Sometimes I had trouble figuring out if he was whatever story he was telling at the time; his hair was the same color as an old turnip, dirty, yellowed and growing into a beard that hung like thick cobwebs over his big, gray Frankenstein face and chest; his nose, bent like an old carrot that had been in a snowman for too long; his eyes flared like hot coals. He told stories that kept me up nights while the birch tree outside his window moaned in the wind and shook its branches.

     “Mind your Mama,” he said to me, over the coffee table that served as our nightly campfire. It was a funny thing for him to say because he never minded Mama. Then he’d threaten me with a horrifying scarific story, like how the Old Scottish Rogue would capture bad boys and girls and take them home to cook into Haggis. And what is Haggis? I’d have to ask him.

     “Stuffed sheep guts,”

    I shivered in delight, knowing no one would eat such things.

     In the center of the coffee table, a stack of half smoked cigarettes smoldered, the red shining in his eyes like one of the monsters he dreamed up to haunt my sleep. But I listened. I listened to him hardest of anybody, even harder than I listened to my Mama. And late at night, long after the stories were over and everyone was sleeping, I’d wake up screaming, still hearing his cracked, creepy voice, though I’d hold my face buried in Mama’s frilly nightgown.

     "There there,” she said. She was a different person when she wasn’t wearing the white uniform. “That horrid old man. The old fake ought to be in an institution, not a decent nursing home. He gives everybody nightmares. I have half a mind to tell Dr. Carlisle to have him put away.”

     “Oh, no Mama! I love Mr. Hightower. He’s like having my very own grandfather.” I sobbed, embarrassed to be so sissy. I was crying, wiping my face on the curling ends of Mama’s blond hair, which for once wasn’t in a tight ball on the back of her head.

     Anytime anybody was gonna die, the old gypsy in room 13 knew ahead of time. She called it wyrd or fate. She said being dead didn’t matter to some of them. Some of them old people were dead inside already, and all they did is sigh, and talk about the good old days. But when the old gypsy read her cards for Mr. Hightower, her cheeks got all red, and she told me just watch Aggie and wait and see. She told me not to worry about Mr. Hightower or Aggie dying anytime soon. She said maybe it’s on account of that birch tree outside his window, cause them beorc Birch trees are a sign of health and fertility and healing and all that stuff. Beorc is rune talk for Birch trees.

Mr. Hightower and Aggie seemed closer to my age than Mama or even my friends. I took it as my job to keep them happy, just like it was Ma’s job to keep them healthy and watch their diets. Mama and me, we shared a room just like the patients, only we stayed so long that the nursing home committee let Mama put in striped wallpaper and a real kitchen in the closet and my ex-granddaddy called on the weekends to say a nursing home is no place to raise a child.

     Every morning when Jessie would bring Hightower his breakfast, I would sneak behind her and take the secret note he would give me. See, we had it all planned. Every morning Hightower would kick up a fuss about his breakfast. When Jessie shook her nappy head and ran for Mama, he’d wait till she was gone and say real soft, “Take that to Aggie, and don’t get caught, boy.”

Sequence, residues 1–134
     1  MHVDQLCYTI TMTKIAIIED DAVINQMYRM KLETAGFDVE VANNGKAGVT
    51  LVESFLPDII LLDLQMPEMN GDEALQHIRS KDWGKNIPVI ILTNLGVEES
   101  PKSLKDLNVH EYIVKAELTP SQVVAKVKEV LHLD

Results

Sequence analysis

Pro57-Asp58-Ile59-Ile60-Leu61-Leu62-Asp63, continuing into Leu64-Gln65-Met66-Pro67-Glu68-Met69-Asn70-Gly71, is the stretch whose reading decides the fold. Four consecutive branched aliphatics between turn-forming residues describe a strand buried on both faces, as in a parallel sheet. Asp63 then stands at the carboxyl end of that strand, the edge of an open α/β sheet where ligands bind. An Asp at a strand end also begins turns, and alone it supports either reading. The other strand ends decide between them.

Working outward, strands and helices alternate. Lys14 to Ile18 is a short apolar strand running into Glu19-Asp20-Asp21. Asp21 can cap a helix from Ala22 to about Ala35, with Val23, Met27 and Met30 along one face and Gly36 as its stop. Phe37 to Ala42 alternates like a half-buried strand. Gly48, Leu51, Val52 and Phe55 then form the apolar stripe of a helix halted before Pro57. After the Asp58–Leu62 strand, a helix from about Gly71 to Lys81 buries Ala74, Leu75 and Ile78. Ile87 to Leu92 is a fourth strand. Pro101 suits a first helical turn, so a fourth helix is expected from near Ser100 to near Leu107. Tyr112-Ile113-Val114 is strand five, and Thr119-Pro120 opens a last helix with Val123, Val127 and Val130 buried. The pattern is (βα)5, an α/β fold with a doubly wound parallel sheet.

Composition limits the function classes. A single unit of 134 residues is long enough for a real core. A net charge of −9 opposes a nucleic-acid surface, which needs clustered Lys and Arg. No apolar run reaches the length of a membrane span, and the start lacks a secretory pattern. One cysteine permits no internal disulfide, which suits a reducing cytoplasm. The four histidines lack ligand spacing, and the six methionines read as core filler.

“He at it again.” Jessie said. Jessie was one of the nicer day nurses. If she knew what was happening, she never let on. I think she was sweet on Mr. Hightower too, everybody liked him bunches but Mama and Dr. Carlisle. Dr. Carlisle never liked anybody, and mr. Hightower liked to give Mama a hard time. Anyway, Jessie took a long time getting Mama, so I had plenty of morning time alone with Mr. Hightower.

     “What’s for breakfast?” Mr. Hightower asked Mama, when she got there. “You gonna give me real food yet?” He smacked his lips. “Bacon and eggs? Hashed browns?”

     “Oatmeal for you,” she said, “Remember your blood pressure.”

     “Oatmeal’s for horses, Joshua.”

     “It’s doctor’s orders,” she said firmly, which meant she was ticked. She hated being called by her married name, ‘cause she was mad at my Daddy for up and dying, and ‘cause she said it made her sound like she was a man. “You will call me Miss Sarah like everyone else. And you will eat your proper diet.”

     She pushed her little white cap on top of her head and tapped the little black tag on her pocket that said dietician. About this time, I made sure the note was hidden in my trouser pocket so Mama didn't catch me.

     “Why don’t you stay a while and comb my beard, Joshua?” he asked her. I could see him smiling that sideways toothless smile (he never put in his teeth until after breakfast) and he’d make a raucous click with his tongue.   

     “Cheeky,” Mama said, quietly. “Dr. Carlisle needs to reduce your hormone shots.” She’d walk sedately down the hall, but her face was be as red as the carrot-cherry Jello compote she fixed for Wednesday’s lunch. “No account old folks not knowing how to act. You’d think after so much time on this earth they’d have a clue.” Mama talked a blue streak to nobody as she walked down the corridor.

     “What’s cheeky mean, Mama?” I asked, running to catch up to her. “What’s hormones? Why won’t you comb his beard?”

     “Hush your mouth and get out front before you miss the school bus.”


     No matter how late I was, I always stopped at Aggie Dillard’s room which was, to my luck, right by the front door. Aggie Dillard was a white-haired ex-school teacher who didn’t have any warts. She didn’t get out of her room much. Her room was always so full of flowers that it smelled like a garden and made Mama sneeze when she walked past. People were always coming by or sending her flowers, books, perfume, junk like that. Aggie was always giving away her loot, flowers and stuff to people like Hattie Crenshaw whose only son, Steven, lived in Middleton Connecticut and never came to see her except for the day he dropped her off with seven wig cases and a cardboard valise. For instance, there was that time Aggie got a card and tore off the part that said to my favorite teacher and she had one of the nurses write a mushy note like I love you Mom, signed Steven. Old pink-headed Hattie, who’s deaf as an ear of corn, got out from in front of her tv and into her walker and carried her own self all the way to Aggie’s room. “Lookit what my boy got me!” she hollered. She was just tickled to death. She kicked up so much fuss showing that card off to Aggie and everybody who could sit upright that those goofball O’Henrys who live next door to the nursing home called 911 and said one of them old folks was getting killed. Them police were near as mad as the O’Henry’s kid is ugly. Before they left, Hattie showed them police her card too, but did Aggie ever say a word? Not even a squeak. She’s acts ‘manitarian, Mama says, like most folks talk about being but never are. Aggie even gave some bon bons (she calls ‘em good goods) to Mr. Russell, who’s grouchy as a six toes in a bumpy sock. He’s senile but remembered, leastways until last week, that he still loved chocolate.